By John Grady Nextgov November 28, 2012
To protect critical networks and national security, the House and Senate are weighing cyber defense legislation and the Obama administration is considering regulations requiring information sharing between government agencies and private businesses. But who should be in charge — even inside the Pentagon — remains a big question in all this dithering.
The answer depends on how you look at cybersecurity: in terms of offense or defense, military or law enforcement. Also, how do you look at cyber strategically, tactically and operationally in the Pentagon, at the Homeland Security Department, FBI, Federal Reserve, and in the civilian realm at places like JP Morgan Chase, Dominion Power and Washington Gas?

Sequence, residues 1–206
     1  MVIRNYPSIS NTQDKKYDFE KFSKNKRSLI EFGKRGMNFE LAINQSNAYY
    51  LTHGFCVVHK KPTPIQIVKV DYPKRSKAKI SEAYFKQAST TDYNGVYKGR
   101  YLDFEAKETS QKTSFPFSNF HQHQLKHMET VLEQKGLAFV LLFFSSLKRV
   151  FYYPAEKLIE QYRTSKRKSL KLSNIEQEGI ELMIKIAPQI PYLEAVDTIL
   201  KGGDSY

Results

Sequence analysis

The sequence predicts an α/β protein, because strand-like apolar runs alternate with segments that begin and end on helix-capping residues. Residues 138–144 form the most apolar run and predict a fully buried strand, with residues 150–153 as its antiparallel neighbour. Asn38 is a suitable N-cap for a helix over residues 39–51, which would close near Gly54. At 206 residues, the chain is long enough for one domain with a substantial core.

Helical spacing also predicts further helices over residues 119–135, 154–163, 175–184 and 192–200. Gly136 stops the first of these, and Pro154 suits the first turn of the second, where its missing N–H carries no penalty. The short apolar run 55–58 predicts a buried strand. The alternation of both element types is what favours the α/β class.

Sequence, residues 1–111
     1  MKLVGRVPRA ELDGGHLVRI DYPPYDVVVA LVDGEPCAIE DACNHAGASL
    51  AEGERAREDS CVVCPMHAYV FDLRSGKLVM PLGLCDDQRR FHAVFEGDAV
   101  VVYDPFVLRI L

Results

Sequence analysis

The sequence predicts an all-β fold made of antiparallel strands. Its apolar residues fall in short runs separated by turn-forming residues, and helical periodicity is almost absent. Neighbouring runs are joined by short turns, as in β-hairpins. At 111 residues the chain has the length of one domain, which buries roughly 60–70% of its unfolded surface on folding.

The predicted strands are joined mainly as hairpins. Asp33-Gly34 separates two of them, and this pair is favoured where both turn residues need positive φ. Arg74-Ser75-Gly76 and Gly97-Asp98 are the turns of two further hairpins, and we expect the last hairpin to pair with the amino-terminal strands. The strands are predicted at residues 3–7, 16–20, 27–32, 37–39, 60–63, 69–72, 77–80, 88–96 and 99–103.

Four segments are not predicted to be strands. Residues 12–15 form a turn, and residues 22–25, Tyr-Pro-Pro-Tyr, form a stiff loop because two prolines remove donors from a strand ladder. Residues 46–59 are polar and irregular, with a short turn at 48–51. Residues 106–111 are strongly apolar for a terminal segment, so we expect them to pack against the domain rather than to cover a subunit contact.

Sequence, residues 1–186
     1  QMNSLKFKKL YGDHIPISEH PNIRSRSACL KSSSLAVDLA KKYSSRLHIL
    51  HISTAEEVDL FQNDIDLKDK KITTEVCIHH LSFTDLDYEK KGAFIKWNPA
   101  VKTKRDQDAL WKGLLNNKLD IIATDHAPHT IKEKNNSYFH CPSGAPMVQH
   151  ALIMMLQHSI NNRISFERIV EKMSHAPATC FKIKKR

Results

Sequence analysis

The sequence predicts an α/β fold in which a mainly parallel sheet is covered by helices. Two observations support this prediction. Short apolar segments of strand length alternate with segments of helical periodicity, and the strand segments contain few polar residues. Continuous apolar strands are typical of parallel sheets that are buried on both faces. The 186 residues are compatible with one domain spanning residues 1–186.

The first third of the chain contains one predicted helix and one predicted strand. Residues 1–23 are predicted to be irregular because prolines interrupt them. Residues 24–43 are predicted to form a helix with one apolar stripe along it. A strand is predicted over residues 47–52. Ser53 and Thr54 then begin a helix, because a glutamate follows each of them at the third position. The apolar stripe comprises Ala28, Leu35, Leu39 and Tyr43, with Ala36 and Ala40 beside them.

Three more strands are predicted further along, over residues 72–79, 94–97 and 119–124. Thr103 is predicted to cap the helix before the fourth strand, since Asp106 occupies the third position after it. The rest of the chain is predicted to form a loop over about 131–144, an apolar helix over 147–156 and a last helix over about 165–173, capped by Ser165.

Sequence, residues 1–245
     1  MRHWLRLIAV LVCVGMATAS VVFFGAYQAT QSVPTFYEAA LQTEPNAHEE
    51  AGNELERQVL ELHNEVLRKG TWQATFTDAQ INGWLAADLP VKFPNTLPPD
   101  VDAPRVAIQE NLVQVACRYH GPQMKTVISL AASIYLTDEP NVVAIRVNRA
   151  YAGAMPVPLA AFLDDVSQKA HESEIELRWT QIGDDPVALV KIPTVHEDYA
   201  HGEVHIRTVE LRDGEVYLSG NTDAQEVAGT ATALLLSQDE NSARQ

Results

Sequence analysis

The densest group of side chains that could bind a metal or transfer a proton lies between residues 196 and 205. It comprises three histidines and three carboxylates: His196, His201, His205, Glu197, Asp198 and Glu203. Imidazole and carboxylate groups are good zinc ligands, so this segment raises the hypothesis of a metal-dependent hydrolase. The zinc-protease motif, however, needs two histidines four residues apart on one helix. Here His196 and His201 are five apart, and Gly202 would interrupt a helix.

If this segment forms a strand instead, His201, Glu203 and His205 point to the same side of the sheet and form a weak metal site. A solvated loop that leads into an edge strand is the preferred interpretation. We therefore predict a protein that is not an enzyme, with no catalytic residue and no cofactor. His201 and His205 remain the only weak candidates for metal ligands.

“You have to have an offensive mind-set to better focus on defense,” retired Marine Corps Gen. James Cartwright said during a recent appearance at the U.S. Naval Institute. “DoD is in the business of offense. [Yet] we’re still trying to protect everyone’s computer.”
Cartwright said when he was vice commander at U.S. Strategic Command in 2004, the emphasis was on cyber, electromagnetic pulse and directed energy weapons rather than creating a unified cyber command, which was established in 2010. The thinking was clear enough. These weapons expanded the tools available to the president if diplomacy failed.
______________________________________________ Visit the InfoSec News Security Bookstore Best Selling Security Books and More! http://www.shopinfosecnews.org